Saturday, April 13, 2013

Q&A with author Rachel L. Swarns

Rachel L. Swarns, photo by Scott Robinson
Rachel L. Swarns, a correspondent for The New York Times since 1995, is the author of American Tapestry: The Story of the Black, White, and Multiracial Ancestors of Michelle Obama. She lives in Washington, D.C.

Q: Why did you decide to write about the history of Michelle Obama's family?

A: I covered Michelle Obama and the first family during their first year in the White House. I wrote a story about the First Lady’s great-great-great-grandmother, Melvinia, a slave, and the First Lady’s great-great-great-grandfather, a white man whose identity was a mystery. It ran on the front page in October 2009. The next day, an editor from HarperCollins sent an e-mail asking, What about a book?

Q: Did you expect to find out as much as you ended up discovering?

A: It was a bit of a leap of faith. I really had no idea what the story line would be, and where the reporting and research would lead me. But I thought it would be fascinating.

Q: What does Michelle Obama’s family's story tell us about the history of the United States?

A:  I think it tells us that we’re more connected, more linked than we think we are. Mrs. Obama’s family is very much a tapestry. Some of her ancestors were African Americans who toiled on rice plantations [as slaves], some were mixed-race people who were free before the Civil War, some were Irish American who fought for the Confederacy. There were Native American strands. There were some suggestions of ties to Jewish families. It shows that the notions we have of folks being so separate really isn’t the case. Some ties emerged during a very painful part of the past.

Her ancestors fought in the Revolutionary War, in the Civil War. They witnessed slavery, they witnessed emancipation, Reconstruction, the rise of segregation, going from slavery to the White House in five generations. Her family serves as a lens [on American history].

Q: What was the most surprising thing you learned?

A: There were so many surprising things! Mrs. Obama’s great-grandmother in the late 19-teens and early ‘20s lived just blocks away from the Hyde Park home the Obamas have today. Mrs. Obama talks of herself as a South Side girl, but her great-great-grandmother arrived in Illinois in the 1860s, far earlier than the family knew.

Q: Did you get a sense of the First Lady's reaction to the book?

A: Sadly, the First Lady doesn’t do book interviews. But I had covered her during her first year in the White House, I knew her staff, and I briefed her staff along the way. I did talk to her family members—we did interviews, they shared their memories and their DNA. I have not had a conversation with her [about the book]. I know her family finds it fascinating, and I hope she does too.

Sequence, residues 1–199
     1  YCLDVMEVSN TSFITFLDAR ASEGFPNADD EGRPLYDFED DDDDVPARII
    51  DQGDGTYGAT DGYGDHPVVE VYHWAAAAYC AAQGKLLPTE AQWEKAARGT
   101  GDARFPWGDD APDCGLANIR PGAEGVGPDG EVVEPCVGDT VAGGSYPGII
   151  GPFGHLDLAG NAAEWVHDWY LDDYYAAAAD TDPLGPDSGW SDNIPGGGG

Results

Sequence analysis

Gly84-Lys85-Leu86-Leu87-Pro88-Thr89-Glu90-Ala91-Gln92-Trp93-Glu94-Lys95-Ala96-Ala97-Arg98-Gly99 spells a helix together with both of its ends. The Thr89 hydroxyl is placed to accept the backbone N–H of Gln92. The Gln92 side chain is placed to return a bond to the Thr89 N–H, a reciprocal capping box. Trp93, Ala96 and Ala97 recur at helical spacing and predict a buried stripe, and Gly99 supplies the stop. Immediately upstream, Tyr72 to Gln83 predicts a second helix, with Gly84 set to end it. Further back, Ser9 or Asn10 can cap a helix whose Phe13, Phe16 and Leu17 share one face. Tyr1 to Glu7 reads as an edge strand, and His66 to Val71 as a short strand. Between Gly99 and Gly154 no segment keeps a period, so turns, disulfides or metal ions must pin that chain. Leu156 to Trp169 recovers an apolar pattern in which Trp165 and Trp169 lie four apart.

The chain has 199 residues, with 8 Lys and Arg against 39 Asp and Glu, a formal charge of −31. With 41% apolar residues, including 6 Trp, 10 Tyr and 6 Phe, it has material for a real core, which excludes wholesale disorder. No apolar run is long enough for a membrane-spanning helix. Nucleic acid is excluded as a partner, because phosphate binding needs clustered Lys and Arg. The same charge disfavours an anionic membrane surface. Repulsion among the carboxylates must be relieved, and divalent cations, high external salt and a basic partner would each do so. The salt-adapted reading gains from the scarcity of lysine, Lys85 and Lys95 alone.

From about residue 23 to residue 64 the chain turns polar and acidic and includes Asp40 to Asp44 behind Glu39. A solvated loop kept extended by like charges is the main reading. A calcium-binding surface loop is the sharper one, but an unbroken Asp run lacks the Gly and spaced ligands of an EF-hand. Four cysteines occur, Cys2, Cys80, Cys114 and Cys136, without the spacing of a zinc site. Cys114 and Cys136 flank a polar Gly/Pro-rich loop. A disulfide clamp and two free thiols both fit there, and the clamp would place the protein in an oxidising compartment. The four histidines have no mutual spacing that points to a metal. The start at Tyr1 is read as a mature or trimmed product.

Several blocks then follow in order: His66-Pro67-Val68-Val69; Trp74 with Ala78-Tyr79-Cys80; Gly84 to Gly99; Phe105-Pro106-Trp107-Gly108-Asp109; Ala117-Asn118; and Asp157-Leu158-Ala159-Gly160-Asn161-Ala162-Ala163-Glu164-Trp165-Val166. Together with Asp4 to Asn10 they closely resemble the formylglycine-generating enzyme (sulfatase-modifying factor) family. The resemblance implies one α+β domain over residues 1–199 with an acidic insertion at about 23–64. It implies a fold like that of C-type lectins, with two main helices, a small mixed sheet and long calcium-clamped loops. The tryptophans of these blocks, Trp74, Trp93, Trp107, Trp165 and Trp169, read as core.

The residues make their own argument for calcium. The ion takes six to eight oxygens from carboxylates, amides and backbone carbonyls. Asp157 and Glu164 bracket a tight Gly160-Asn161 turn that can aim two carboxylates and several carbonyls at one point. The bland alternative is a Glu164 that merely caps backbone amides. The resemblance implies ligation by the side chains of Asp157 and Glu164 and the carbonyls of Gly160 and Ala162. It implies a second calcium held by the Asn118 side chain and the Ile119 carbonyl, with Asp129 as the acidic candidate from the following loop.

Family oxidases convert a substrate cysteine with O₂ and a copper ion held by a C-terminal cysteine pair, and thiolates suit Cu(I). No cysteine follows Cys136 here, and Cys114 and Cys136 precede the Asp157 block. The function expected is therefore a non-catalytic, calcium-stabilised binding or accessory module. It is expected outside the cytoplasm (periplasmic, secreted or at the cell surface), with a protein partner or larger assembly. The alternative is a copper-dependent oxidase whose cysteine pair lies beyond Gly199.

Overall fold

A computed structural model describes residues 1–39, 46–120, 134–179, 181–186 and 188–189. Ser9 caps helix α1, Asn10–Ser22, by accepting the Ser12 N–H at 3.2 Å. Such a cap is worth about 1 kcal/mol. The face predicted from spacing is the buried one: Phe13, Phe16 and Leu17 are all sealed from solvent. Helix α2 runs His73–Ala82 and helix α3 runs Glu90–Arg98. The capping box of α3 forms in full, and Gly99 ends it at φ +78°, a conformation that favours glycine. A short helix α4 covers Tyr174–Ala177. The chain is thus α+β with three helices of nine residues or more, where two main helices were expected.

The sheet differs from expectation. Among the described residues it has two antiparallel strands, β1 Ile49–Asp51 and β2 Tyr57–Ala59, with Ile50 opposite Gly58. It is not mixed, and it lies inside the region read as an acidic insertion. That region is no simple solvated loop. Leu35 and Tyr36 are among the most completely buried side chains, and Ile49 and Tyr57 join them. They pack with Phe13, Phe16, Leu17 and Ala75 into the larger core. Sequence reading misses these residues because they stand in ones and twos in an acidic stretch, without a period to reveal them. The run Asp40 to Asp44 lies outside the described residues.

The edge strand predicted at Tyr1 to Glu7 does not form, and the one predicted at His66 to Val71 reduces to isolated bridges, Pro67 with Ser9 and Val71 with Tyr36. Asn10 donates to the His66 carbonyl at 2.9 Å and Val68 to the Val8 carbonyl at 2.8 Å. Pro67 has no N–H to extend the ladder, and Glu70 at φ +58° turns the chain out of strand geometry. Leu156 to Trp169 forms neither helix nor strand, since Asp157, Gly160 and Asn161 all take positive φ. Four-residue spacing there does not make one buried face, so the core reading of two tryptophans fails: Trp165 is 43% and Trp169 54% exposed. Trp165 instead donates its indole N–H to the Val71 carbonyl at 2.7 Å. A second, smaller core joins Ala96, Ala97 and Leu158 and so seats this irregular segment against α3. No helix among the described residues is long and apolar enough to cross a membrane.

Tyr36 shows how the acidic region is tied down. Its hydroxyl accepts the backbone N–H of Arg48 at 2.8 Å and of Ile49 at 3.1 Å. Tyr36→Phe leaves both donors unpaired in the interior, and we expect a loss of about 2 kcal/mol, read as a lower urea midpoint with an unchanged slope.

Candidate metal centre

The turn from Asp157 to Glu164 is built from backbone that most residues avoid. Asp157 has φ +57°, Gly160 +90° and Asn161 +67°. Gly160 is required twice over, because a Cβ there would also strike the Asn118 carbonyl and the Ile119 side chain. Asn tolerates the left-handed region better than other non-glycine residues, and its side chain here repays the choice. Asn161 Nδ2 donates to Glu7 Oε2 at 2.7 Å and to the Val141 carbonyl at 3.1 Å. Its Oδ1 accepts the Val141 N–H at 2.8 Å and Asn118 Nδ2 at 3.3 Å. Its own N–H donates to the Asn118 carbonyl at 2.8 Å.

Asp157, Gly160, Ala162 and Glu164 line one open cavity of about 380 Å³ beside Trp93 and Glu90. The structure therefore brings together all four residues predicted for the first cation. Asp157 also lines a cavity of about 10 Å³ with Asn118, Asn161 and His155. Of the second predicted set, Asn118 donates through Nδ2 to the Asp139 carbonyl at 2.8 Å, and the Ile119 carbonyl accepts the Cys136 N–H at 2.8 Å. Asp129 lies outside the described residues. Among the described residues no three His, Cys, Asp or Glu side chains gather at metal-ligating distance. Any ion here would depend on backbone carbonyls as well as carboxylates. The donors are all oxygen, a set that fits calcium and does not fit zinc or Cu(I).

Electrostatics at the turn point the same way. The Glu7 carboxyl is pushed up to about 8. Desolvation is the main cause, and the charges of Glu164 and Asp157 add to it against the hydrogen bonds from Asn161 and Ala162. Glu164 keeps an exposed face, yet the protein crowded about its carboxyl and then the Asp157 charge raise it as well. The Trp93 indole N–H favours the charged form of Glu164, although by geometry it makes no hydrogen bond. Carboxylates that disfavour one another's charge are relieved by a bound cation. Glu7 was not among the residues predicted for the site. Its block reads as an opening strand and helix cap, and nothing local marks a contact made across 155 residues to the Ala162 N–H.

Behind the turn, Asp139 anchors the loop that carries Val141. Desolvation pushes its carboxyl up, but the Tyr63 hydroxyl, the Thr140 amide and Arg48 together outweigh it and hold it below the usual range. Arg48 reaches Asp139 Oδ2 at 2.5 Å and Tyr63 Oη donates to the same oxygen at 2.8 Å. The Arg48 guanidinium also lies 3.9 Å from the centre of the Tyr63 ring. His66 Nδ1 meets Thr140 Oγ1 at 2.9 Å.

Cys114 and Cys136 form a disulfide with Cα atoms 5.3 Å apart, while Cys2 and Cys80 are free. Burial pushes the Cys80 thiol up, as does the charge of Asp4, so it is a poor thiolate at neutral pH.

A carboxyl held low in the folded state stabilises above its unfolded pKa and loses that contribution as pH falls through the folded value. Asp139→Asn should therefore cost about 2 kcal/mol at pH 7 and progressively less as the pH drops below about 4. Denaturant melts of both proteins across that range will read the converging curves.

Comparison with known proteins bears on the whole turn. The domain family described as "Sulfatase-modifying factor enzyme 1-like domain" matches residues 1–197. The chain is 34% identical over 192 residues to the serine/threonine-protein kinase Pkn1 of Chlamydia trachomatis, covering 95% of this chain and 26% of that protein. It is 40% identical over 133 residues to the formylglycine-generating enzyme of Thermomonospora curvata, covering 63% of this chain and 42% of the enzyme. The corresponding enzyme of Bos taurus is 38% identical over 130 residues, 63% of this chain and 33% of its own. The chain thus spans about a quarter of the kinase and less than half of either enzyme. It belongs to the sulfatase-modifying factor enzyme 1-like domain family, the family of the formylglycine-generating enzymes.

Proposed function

Q: While Michelle Obama declined to be interviewed for the book, you did speak to many of her relatives. What impact has the book had on those relatives, particularly the two women, Jewell Barclay and Joan Tribble, who agreed to undergo DNA testing in the course of your research?

A: It’s been quite interesting for them. It’s been kind of a journey for them, too, through their memories and learning bits and pieces over the two years that I was working on it.

Joan participated in a reunion of sorts. In June 2012, the town where Melvinia was enslaved erected a monument in her honor. Joan was one of the members of the family [who attended]. It was very meaningful for both [the black and white] sides of the family.

Q: Did Jewell come to the reunion?

A: No, she lost her brother right before the book came out. And she’s in her 80s—she made it clear she is not getting on a plane. She’s fascinated by what she learned about her family, but she’s at a time in her life when she’s quite happy to be where she is.

Q: Are you writing another book?

A: I’m back at The New York Times—I’ve been back for a year now. I’m not working on another book now. But I’m so mesmerized by this history, I think often about doing another book at some point, another deep dive into the nation’s history.

--Interview with Deborah Kalb. Rachel L. Swarns will be participating in the Temple Sinai Women of Reform Judaism's Authors Roundtable on April 27. To learn more about the event, please click here.

No comments:

Post a Comment